Washington Suburban Sanitary Commission Festival Promotes the Water Professions

A multifaceted outreach program from Maryland utility helps prepare the next generation for careers in engineering and environmental science.

Washington Suburban Sanitary Commission Festival Promotes the Water Professions

High school students perform primary treatment lab experiments during the Sewer Science Program.

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The Washington Suburban Sanitary Commission’s comprehensive youth outreach program started out with career-day visits. That led to a water festival. Now multiple programs reach youth groups and students of all ages.

“We are deliberate and intentional in STEAM outreach to schools as we work to build our talent pipeline,” says Carla Reid, general manager of the utility, now branded as WSSC Water. “Our outreach programs also speak to our efforts to connect to the communities we serve and create a more diverse and inclusive workforce.”

“All of our programs were created to get students interested in water careers at a utility,” says Angela Ballard-Landers, STEAM education coordinator. Staff members from different parts of the organization were already making career-day visits, so the utility centralized the visits and created a STEAM (science, technology, engineering, arts and math) program and department.

Nicole Horvath, environmental outreach coordinator, observes, “Our goals included college and career readiness, so every one of our programs, including our Girl Scouts program, has a career component.”

WSSC Water, based in Laurel, Maryland, is among the largest water and wastewater utilities in the nation with 5,816 miles of water pipeline and 5,606 miles of sewer mains. It serves 1.8 million residents in Prince George’s and Montgomery counties.

Annual festival

The STEAM programs have been around since 2005. In the year before that, Ballard-Landers attended a camp on how to start a children’s water festival. Today, the festival attracts more than 800 fourth graders every year.

The two-day event, held the first week in May to coincide with National Drinking Water Week, includes multiple activities. Each student gets a goodie bag of water-themed items that include pencils, flags and coolers, along with a water festival T-shirt.

Mascot Willy Water (in the shape of a water drop) walks around and talks to the kids.  Local agencies have stations that cover different water and wastewater careers. The day ends with a Jeopardy-like competition in which the children answer questions about what they learned.

High school programs

The utility offers three programs for high school students. Water Works Academy, started in 2010, is a daylong program held at the utility’s field service facility. It teaches students in grades 9-12 about water quality and basic utility infrastructure. Students see how a hydrant works and help put a meter back together.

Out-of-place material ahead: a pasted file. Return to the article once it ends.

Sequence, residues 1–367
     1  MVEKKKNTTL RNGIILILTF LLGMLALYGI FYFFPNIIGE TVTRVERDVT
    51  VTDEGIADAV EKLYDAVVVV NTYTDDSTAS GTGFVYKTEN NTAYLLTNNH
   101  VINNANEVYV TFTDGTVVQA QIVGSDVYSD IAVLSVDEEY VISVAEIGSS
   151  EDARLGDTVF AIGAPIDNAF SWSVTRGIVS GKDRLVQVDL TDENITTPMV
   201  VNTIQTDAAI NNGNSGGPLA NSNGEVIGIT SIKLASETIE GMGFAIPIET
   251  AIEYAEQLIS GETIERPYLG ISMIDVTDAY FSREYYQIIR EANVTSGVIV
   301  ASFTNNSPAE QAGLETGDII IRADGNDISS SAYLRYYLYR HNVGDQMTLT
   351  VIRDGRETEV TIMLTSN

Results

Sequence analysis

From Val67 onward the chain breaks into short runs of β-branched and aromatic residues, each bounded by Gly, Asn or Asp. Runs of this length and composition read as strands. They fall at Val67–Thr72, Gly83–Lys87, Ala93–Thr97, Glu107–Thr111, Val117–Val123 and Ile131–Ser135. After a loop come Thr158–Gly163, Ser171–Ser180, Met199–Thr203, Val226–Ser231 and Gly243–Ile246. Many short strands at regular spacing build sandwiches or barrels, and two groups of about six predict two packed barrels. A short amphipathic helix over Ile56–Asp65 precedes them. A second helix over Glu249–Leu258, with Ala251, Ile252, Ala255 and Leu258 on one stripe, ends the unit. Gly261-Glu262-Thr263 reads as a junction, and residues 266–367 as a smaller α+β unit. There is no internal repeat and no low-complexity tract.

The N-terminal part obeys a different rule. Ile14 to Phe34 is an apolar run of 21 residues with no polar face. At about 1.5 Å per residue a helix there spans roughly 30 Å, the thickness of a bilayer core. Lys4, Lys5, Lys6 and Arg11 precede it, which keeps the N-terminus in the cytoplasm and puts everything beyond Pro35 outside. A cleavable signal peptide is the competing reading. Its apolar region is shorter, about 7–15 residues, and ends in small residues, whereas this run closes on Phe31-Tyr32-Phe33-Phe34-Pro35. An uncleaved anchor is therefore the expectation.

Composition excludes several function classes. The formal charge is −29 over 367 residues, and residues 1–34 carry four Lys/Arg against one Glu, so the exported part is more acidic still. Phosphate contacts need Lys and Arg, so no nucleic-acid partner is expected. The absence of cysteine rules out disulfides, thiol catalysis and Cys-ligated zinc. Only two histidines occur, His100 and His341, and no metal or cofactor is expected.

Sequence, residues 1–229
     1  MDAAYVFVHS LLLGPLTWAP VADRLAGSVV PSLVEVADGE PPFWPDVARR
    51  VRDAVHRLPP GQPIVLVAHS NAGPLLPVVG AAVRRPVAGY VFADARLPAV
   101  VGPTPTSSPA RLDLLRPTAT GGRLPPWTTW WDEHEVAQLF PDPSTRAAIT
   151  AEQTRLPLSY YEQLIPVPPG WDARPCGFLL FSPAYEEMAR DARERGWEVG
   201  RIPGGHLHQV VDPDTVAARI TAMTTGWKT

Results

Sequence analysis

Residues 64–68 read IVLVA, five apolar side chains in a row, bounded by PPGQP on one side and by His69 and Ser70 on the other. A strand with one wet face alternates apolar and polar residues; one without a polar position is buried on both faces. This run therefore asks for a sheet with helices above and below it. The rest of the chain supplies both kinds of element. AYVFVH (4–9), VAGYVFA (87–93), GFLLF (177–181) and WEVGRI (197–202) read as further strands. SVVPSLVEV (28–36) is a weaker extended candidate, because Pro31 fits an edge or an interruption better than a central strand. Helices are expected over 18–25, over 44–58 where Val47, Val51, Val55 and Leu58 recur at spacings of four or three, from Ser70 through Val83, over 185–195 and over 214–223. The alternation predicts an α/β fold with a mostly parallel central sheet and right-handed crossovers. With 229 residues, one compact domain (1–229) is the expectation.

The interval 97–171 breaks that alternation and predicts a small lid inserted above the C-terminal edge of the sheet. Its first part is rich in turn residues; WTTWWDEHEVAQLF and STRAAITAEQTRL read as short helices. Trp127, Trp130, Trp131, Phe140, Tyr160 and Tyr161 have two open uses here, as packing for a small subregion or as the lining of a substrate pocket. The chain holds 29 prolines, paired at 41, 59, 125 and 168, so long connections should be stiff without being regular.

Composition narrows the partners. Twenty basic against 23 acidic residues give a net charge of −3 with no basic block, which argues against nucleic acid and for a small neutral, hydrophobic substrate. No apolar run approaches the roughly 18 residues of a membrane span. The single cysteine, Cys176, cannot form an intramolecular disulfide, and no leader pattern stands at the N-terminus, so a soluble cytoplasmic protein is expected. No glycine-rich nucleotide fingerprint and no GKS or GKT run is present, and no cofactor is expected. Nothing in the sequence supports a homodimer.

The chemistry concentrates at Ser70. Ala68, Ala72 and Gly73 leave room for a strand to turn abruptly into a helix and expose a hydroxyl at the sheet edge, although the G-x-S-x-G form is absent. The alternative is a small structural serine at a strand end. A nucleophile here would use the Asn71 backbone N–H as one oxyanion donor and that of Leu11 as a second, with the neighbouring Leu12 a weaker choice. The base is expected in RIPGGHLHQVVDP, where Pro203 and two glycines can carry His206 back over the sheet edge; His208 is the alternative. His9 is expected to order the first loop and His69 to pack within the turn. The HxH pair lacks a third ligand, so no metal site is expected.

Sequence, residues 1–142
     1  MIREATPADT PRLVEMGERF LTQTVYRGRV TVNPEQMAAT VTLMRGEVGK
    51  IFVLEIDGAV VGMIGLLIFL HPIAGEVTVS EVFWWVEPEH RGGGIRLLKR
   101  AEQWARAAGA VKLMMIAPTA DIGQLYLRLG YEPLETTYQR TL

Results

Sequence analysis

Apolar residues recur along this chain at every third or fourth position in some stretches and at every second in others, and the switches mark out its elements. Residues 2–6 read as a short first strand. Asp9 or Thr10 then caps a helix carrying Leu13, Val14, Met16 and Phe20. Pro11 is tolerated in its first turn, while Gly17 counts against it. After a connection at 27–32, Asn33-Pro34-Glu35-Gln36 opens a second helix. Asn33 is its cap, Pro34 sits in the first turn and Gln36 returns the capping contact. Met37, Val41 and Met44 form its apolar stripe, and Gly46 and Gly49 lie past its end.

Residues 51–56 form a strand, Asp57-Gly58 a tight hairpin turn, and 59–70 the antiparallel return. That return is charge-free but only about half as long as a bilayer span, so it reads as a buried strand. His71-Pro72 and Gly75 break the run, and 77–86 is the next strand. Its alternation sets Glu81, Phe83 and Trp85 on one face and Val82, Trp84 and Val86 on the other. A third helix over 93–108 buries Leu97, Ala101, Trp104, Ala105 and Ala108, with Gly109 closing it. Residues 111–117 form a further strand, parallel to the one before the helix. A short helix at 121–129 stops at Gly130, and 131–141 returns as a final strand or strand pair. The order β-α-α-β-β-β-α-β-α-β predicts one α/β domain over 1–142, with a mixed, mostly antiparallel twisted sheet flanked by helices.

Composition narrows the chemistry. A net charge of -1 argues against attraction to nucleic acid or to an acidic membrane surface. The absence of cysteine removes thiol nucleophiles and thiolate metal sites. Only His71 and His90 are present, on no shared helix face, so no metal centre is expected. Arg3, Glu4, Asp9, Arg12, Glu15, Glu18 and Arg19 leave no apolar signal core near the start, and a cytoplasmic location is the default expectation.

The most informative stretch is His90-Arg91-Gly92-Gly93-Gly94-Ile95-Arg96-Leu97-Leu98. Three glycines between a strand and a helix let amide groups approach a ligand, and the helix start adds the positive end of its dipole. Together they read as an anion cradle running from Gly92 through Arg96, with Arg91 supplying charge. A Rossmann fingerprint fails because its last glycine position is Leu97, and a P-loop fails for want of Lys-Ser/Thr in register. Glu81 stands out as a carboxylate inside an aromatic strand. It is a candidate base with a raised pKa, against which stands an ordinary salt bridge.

The H2O Engineers program is for high school students interested in learning about an engineering role in a utility. Developed by the community outreach department and the utility’s engineers, it teaches students about infrastructure design and planning, water flow and pressure, and the role of technology in the water sector.

Sewer Science is a daylong program in which students get a snapshot of a day in the life of a wastewater treatment plant operator. They spend a half-day at a water resource recovery facility and then learn about primary, secondary and advanced treatment. The day ends with a tour of the facility.

Youth group activities

Another audience for outreach on water careers includes Girl Scouts, Boy Scouts and environmental groups. The Wonders of Water Girl Scout Journey Day is held in fall and in spring. The one-day program contributes to the girls’ requirements for the Wonders of Water Journey.

During the program Girl Scout Brownies (second and third grade) do hands-on activities to help them learn about water filtration, wastewater treatment, watersheds and the water cycle. The day includes a Water Heroines presentation where the girls hear from women at WSSC Water who work in nontraditional careers such as meter readers, chemical engineers, truck drivers, welders and pipe technicians.

The scouts who attend take back what they learn and share it with their community through stream cleanup days, creating posters and in various other ways.

The utility also assists with teacher professional development programs in the summer. During the trainings, educators learn about watersheds and how WSSC Water takes care of the environment.

Popular programs

The programs are so popular that the utility instituted a lottery system to make sure all public, private and home-schooled children get a chance to take part. Due to the COVID-19 virus, several programs have become virtual; the water festival for now is on hold.

The programs started out attracting 500 to 600 students per year; they now reach 2,500. The utility continues to receive positive feedback about its STEAM initiatives. Horvath recalls, “One young girl came up to us after a program and said, ‘I really thought I was not going to like this, but now I’m really glad I came!’”   


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